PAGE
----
Thursday, August 20, 2009

Mediation in Paradise

There's a part of me that doesn't want to believe there are conflicts in such idyllic places as Maui. Granted, I haven't been there in many years, but my memory (or maybe I imagined this) is of a slower, more peaceful and enjoyable way of life which exists in a lush island paradise (maybe I should go back to confirm this...). I prefer to think of it that way rather than to think there are workplace conflicts in Maui which are not easily resolved with a handshake and a smile.

But the truth is there are conflicts everywhere, even in good companies, in healthy families, in happy relationships, and yes, even in island paradises. And, when those conflicts reach a certain level, or involve legal rights and obligations, those conflicts may require the assistance of a skilled mediator to provide neutral, unbiased guidance and structure for productive discussions to help the disputants resolve their disagreements.

According to the Maui News, there are, in fact, conflicts in Maui (gasp!). Luckily, the "Mediation Services of Maui" has been granted some money for its conflict resolution program in the workplace. Here's what they have to say about the purpose of mediation in the workplace:

"In announcing the grant, Mediation Services noted that unresolved conflicts affect profitability because they can cause stress, employee turnover, absenteeism, sabotage and lawsuits. The workshops can show the cost-reducing benefits or collaborative problem-solving." (emphasis added)

"Mediation Services of Maui is a nonprofit, community-based organization established in 1982 to provide, teach and facilitate dispute resolution. It helps all age groups and in settings such as family, neighborhood, business and government. The process is meant to bring people together to find their own best solutions in a process that promotes respect, communication and peace."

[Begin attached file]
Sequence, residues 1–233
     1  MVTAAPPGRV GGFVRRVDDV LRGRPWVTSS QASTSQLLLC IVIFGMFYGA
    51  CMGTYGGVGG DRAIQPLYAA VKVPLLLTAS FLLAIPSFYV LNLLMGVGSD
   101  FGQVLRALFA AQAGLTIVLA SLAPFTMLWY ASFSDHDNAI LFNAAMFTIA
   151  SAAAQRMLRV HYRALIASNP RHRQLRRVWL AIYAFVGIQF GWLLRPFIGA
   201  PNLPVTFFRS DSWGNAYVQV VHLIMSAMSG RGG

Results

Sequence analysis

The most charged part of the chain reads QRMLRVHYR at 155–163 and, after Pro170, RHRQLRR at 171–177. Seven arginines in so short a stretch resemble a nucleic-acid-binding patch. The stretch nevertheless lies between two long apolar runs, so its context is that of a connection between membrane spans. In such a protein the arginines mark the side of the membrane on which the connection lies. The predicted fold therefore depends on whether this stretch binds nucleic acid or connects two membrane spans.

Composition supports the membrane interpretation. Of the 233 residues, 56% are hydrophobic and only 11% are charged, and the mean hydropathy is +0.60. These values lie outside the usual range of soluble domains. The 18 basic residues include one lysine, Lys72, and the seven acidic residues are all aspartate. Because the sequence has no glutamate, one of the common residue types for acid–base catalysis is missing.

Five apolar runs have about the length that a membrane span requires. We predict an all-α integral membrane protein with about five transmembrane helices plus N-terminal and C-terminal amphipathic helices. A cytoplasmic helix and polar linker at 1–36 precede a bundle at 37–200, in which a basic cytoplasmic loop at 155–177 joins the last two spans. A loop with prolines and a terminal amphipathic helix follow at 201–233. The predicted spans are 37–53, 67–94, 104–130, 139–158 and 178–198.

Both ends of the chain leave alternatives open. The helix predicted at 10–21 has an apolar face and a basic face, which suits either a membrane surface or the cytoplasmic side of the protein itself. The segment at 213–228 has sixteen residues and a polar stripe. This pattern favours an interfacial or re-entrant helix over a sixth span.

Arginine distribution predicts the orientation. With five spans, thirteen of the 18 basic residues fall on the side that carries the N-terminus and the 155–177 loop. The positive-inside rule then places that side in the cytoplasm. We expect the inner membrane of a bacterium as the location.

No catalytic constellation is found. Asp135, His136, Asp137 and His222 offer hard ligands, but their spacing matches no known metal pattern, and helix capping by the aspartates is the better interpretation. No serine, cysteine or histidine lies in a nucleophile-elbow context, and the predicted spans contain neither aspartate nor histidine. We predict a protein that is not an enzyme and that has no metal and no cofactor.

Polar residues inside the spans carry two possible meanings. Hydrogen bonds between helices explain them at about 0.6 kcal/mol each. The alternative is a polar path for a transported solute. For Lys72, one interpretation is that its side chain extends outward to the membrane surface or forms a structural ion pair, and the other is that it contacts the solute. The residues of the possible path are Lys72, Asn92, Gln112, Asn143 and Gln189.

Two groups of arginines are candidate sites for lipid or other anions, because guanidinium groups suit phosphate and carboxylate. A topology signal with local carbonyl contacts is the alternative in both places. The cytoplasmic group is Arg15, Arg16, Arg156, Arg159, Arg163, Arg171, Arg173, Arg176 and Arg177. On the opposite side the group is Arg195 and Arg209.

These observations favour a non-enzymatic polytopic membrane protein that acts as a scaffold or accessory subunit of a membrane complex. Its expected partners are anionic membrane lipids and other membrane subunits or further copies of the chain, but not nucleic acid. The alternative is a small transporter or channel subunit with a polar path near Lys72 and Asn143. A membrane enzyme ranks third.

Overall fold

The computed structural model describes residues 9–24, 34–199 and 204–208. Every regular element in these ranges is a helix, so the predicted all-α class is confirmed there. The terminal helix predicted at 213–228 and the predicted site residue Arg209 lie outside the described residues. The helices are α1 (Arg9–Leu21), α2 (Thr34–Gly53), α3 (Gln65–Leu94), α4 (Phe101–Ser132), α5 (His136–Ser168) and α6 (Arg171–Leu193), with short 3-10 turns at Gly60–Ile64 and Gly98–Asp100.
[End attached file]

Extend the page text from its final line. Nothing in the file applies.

Here is a link to the full article.

Thursday, August 13, 2009

"Economy causes surge in family-law mediation, collaborative work"

An article in the Journal Record today highlights the financial benefits of avoiding a costly divorce by choosing divorce mediation or collaborative law over a litigated divorce. Given the state of our economy, many couples who have decided to divorce are searching for less expensive options which will still result in a fair, complete and enforceable agreement.

This is the link to the full article written by Correy Stephenson. And below is an excerpt from the article:

"Driven by the economy, divorcing couples across the country are increasingly using mediation and the collaborative process – for a fraction of what it costs to litigate a family law case.

For couples who are divorcing and losing some of their assets anyway, cost savings is especially important, said Henry Gornbein, a partner at Gornbein Smith Peskin-Shepherd in Bloomfield Hills, Mich.

“Litigation is so expensive and clients want to keep things as cost-effective as possible, without being in and out of court every week,” he said.